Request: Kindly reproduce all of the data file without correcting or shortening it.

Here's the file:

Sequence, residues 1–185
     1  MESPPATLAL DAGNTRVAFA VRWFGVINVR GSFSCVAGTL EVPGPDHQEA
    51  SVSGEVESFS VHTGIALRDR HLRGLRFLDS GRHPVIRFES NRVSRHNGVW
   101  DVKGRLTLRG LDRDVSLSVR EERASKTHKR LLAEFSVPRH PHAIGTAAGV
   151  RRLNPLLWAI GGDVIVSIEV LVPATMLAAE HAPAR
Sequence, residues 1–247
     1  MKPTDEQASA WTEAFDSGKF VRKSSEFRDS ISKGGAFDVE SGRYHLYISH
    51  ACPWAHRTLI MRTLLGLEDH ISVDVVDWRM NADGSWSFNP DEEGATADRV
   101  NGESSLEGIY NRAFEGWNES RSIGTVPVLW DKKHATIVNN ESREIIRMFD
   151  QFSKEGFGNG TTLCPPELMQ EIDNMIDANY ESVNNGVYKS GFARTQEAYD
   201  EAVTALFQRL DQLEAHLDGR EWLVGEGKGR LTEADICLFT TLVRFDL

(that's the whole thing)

Sequence, residues 1–185
     1  MESPPATLAL DAGNTRVAFA VRWFGVINVR GSFSCVAGTL EVPGPDHQEA
    51  SVSGEVESFS VHTGIALRDR HLRGLRFLDS GRHPVIRFES NRVSRHNGVW
   101  DVKGRLTLRG LDRDVSLSVR EERASKTHKR LLAEFSVPRH PHAIGTAAGV
   151  RRLNPLLWAI GGDVIVSIEV LVPATMLAAE HAPAR
Sequence, residues 1–247
     1  MKPTDEQASA WTEAFDSGKF VRKSSEFRDS ISKGGAFDVE SGRYHLYISH
    51  ACPWAHRTLI MRTLLGLEDH ISVDVVDWRM NADGSWSFNP DEEGATADRV
   101  NGESSLEGIY NRAFEGWNES RSIGTVPVLW DKKHATIVNN ESREIIRMFD
   151  QFSKEGFGNG TTLCPPELMQ EIDNMIDANY ESVNNGVYKS GFARTQEAYD
   201  EAVTALFQRL DQLEAHLDGR EWLVGEGKGR LTEADICLFT TLVRFDL